Selecting the right metrics to measure the impact of digital initiatives is a complex task for organizations undergoing digital transformation. CIOs play a critical role in providing their boards, executive committees, and employees with well-defined definitions of successful outcomes and measurable Key Performance Indicators (KPIs) throughout the transformation journey.
Numerous frameworks and recommendations exist for identifying digital KPIs, adding to the complexity of the selection process. McKinsey suggests five metrics for digital CEOs, including financial returns on digital investments, the percentage of leaders’ incentives linked to digital, and the percentage of the annual tech budget spent on bold digital initiatives. Deloitte provides a taxonomy of 46 digital transformation value KPIs, acknowledging that not all are widely used. MIT warns that inappropriate KPIs can jeopardize digital transformation success and advocates for a portfolio of enterprise KPIs measuring the business value delivered.
This plethora of options creates a paradox for CIOs, who must navigate the challenges of having no KPIs, dealing with an overwhelming number of metrics, or investing in the wrong ones. Martin Davis, CIO and managing partner at Dunelm Associates, emphasizes the importance of carefully selecting what to measure to achieve desired results. He advises keeping the number of metrics small and manageable, ideally between three to seven key indicators, as people cannot effectively focus on extensive data sets.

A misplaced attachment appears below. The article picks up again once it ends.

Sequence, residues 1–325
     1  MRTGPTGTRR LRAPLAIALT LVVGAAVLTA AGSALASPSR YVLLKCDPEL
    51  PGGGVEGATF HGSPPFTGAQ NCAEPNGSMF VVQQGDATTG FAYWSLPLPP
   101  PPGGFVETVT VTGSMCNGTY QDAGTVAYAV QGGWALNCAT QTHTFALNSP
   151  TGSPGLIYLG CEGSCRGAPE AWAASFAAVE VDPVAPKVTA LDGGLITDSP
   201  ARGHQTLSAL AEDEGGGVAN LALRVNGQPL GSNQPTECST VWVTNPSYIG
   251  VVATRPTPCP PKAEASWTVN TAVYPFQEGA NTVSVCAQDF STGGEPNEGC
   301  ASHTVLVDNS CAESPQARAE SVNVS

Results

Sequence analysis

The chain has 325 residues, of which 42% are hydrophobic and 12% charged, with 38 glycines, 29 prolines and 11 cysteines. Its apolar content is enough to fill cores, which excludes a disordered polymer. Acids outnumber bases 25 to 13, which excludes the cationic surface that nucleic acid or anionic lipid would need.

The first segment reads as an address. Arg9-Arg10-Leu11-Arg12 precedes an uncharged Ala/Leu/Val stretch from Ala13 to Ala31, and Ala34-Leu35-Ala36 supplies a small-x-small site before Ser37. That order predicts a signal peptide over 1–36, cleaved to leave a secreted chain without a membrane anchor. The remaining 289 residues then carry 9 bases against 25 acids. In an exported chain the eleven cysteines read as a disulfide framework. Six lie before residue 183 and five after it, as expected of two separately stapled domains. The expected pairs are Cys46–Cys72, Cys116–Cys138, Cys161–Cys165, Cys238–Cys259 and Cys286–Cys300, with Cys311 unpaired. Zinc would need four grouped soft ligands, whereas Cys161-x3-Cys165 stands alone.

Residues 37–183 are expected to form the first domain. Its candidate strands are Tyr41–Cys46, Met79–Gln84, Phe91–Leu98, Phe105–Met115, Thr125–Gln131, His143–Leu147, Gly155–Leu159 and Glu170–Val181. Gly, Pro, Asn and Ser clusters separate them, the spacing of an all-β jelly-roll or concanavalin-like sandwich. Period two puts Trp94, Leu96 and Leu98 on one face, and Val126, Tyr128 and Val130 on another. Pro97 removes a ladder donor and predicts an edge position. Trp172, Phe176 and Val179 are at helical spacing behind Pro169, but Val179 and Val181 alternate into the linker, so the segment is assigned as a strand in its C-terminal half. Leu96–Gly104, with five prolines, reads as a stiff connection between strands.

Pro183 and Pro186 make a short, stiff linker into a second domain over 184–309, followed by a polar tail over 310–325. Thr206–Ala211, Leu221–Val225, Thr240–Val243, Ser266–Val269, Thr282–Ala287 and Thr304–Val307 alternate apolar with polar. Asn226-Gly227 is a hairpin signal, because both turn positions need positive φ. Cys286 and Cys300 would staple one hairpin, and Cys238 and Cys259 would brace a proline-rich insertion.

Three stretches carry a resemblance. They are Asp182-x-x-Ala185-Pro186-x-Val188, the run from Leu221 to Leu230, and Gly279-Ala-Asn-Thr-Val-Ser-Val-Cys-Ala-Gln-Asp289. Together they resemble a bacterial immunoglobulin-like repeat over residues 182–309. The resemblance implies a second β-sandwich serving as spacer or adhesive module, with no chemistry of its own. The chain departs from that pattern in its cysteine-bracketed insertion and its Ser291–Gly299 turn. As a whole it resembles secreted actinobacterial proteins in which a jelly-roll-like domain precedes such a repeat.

To simplify the selection process, CIOs can focus on three key digital transformation objectives:
- Digital Transformation Strategy: This involves realigning targeted markets, creating new business models, and evolving operations based on changes in customer expectations, technology capabilities, and the impact of data, analytics, and AI. Outcome-based metrics should guide the selection of KPIs.
- Digital Transformation Initiatives: The portfolio of transformation initiatives typically includes programs aimed at growth, efficiencies, and enhanced end-user experiences. Each initiative requires specific KPIs for adequate evaluation of outcomes.
- Culture Transformation and Digital Core Competencies: As CIOs target new collaborative operating models and cultural shifts, KPIs become essential to guide executives on where to focus leadership efforts, communications, and process improvements.
While these objectives may overlap and be interdependent, separating them highlights the three crucial steps CIOs should take to ensure their KPI strategies align effectively with the organization’s overarching digital transformation goals.